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NextGen Magazine


Study: College Grads Still Earn More Than High School Grads, But Advantage Diminishing

Chris Gaetano
Published Date:
Aug 9, 2019
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Research from the St. Louis Federal Reserve has found that while college degree holders still earn more than those with just a high school diploma, the degree no longer provides as massive an advantage as it used to, according to the Wall Street Journal

While those with a bachelor's degree are still more likely to be employed—and earn an average of $32,000 per year more—than people with a high school diploma, if one takes inflation into account, then graduates' wages have remained mostly flat over the past two decades, compared to the steady growth seen throughout the 20th century. 

This is because the premium offered by a bachelor's degree has been maintained more by rising costs and diminished wages in other areas. The Fed said that after the collapse of the dot-com bubble in the early 2000s, college graduates began taking on jobs that previously had been performed primarily by those with high school diplomas, which pushed earnings down. This, in turn, fed the growth of jobs that required a college degree, even if they previously never needed one before.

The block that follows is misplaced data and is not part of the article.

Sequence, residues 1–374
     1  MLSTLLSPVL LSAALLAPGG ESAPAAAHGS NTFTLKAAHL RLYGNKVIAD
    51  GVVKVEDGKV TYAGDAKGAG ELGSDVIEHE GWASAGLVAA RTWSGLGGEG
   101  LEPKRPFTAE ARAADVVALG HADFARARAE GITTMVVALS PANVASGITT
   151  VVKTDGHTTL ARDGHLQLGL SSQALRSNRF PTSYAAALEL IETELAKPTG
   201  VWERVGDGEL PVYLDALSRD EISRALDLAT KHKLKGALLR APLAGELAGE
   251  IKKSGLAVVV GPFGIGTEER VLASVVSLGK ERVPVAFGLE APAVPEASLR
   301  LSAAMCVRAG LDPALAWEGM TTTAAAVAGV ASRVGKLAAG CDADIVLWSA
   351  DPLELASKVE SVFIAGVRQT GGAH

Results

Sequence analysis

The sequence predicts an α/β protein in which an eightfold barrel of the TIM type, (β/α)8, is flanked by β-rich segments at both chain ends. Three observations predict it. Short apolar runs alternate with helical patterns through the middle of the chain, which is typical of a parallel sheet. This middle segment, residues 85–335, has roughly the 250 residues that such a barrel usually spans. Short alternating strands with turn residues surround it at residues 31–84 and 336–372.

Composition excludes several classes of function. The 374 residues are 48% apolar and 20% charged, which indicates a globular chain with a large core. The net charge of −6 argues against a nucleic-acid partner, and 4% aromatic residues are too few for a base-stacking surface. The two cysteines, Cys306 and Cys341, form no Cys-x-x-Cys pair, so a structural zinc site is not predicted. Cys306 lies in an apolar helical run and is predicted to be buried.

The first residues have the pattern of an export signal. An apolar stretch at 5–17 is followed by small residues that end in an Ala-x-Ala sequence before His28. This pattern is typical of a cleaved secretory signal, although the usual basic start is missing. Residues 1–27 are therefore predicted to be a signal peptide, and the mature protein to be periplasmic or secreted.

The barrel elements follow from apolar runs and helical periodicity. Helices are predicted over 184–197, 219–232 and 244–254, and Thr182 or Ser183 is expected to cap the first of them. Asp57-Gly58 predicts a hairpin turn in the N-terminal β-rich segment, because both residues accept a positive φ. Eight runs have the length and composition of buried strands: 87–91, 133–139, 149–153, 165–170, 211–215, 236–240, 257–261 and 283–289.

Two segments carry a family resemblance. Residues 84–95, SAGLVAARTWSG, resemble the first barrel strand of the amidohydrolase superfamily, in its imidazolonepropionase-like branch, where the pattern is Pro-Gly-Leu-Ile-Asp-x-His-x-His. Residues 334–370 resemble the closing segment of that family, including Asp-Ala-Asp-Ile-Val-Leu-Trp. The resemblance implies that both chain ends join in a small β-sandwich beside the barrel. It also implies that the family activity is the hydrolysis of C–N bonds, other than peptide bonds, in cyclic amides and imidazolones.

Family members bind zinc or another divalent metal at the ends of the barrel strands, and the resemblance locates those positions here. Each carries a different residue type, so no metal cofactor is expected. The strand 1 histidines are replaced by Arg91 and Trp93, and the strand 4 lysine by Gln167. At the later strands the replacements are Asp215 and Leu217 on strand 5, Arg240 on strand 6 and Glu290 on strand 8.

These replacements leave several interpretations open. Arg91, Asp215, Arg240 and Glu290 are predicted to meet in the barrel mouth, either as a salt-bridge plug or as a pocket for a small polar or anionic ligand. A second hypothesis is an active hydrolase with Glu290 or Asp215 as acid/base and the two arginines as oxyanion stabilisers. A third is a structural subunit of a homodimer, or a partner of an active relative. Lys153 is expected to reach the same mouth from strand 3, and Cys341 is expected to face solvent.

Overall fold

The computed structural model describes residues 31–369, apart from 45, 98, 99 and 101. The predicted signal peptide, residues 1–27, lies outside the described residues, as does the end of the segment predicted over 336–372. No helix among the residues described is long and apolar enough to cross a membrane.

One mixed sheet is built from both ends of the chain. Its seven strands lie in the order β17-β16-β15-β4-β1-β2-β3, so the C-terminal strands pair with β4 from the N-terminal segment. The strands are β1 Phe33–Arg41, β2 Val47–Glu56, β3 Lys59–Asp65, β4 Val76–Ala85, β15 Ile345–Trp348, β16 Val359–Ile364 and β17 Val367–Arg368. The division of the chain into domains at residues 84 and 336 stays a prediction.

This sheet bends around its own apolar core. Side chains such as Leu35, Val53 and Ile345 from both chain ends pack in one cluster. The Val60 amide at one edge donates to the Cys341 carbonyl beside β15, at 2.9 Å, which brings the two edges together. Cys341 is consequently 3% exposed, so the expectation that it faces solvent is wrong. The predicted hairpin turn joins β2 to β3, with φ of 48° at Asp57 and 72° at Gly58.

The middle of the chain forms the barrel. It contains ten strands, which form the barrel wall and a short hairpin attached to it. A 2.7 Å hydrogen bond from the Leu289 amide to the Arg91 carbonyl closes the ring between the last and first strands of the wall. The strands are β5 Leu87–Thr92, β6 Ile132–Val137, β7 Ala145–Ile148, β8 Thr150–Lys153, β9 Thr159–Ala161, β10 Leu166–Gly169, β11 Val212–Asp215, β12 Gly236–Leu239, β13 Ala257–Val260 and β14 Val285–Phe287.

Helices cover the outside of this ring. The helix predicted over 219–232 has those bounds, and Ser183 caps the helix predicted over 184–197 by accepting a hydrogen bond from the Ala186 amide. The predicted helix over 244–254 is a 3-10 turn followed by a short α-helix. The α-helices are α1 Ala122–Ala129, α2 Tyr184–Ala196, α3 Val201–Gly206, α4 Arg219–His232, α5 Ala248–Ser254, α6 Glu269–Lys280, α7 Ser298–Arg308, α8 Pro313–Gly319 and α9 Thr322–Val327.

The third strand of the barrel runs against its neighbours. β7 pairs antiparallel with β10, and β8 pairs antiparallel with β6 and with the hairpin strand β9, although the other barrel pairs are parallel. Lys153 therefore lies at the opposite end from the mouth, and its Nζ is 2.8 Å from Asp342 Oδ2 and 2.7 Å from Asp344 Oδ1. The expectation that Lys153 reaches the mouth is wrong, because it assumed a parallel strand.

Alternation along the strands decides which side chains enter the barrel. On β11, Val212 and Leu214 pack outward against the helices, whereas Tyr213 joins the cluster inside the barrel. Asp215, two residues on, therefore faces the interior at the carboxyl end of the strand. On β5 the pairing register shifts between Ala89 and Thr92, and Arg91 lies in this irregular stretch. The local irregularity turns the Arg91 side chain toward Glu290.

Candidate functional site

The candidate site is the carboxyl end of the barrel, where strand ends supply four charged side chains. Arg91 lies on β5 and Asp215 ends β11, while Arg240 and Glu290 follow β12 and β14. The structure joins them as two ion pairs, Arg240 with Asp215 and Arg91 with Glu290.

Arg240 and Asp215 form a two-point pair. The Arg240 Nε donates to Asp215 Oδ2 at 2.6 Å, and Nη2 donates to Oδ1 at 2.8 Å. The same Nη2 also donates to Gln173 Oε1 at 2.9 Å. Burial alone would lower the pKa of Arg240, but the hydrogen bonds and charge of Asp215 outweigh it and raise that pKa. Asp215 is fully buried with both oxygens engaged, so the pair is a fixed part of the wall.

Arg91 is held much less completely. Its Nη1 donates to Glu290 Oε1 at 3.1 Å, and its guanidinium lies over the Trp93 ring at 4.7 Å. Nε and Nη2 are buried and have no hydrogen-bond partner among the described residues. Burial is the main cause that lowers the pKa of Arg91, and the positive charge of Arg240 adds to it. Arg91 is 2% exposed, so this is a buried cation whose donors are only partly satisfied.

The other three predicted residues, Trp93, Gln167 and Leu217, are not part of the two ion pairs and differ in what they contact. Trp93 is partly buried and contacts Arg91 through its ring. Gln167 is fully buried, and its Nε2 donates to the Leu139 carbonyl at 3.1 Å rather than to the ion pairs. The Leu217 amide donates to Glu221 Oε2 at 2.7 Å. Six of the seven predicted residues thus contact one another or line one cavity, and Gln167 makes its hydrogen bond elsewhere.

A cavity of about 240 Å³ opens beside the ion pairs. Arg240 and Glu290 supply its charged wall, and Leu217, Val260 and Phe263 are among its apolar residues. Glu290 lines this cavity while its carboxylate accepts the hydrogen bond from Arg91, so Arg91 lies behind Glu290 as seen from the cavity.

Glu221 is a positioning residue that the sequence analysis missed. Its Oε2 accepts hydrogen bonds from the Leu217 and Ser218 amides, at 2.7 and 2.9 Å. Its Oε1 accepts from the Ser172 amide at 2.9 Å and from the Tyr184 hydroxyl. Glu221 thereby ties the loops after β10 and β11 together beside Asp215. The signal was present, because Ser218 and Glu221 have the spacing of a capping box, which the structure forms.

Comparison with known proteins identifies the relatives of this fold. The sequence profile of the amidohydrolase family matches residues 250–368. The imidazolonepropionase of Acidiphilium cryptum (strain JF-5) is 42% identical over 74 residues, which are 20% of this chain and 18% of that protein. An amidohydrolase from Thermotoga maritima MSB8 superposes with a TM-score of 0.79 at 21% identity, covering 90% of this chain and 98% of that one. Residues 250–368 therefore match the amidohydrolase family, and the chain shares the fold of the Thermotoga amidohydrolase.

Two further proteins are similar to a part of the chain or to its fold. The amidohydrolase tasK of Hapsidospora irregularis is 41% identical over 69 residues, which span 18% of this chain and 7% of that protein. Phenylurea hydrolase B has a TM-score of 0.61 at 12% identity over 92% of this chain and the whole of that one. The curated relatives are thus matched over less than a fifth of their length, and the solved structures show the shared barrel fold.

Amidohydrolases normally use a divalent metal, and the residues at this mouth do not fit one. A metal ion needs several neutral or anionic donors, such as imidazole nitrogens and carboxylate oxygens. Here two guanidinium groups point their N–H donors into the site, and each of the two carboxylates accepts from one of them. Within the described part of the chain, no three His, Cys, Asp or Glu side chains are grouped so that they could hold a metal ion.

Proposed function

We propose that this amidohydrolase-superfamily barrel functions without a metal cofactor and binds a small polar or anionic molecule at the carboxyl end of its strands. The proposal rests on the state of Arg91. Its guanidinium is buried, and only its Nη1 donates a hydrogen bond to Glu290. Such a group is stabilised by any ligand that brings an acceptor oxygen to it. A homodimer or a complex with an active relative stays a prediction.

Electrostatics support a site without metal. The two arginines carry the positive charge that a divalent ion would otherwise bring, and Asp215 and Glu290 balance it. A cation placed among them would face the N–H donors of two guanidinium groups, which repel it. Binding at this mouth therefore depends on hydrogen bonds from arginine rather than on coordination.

Essentially, the research revealed that more college graduates entered the lower-paying fields that previously had been dominated by those with high school diplomas, which gradually turned them into jobs that were seen as requiring a college degree. But these jobs nonetheless retained their high school-level pay grade, which then depressed the earnings of those who used to have those jobs, thus preserving the premium of a college grad over a high school grad. However, this premium is being further eaten away by the skyrocketing costs of a college education, and the consequent debt that increasingly comes with it. 

All these factors combined also mean that the wealth premium enjoyed by college graduates has similarly diminished, in some cases to the point of statistical insignificance. A typical black family headed by someone with a bachelor's degree who was born in the 1970s and 1980s, for instance, was found to have virtually no more wealth than one headed by a nongraduate. Hispanic families have seen similar situations.